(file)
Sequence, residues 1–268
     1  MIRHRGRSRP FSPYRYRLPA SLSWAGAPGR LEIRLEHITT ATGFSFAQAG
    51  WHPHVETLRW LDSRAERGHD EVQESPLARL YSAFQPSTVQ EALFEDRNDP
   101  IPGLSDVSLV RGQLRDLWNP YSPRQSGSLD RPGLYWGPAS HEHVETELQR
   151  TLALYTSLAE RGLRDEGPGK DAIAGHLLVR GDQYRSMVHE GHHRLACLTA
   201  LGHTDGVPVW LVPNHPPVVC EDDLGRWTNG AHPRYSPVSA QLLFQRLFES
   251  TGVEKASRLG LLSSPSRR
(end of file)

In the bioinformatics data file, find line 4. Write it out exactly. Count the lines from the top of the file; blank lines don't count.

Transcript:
   101  IPGLSDVSLV RGQLRDLWNP YSPRQSGSLD RPGLYWGPAS HEHVETELQR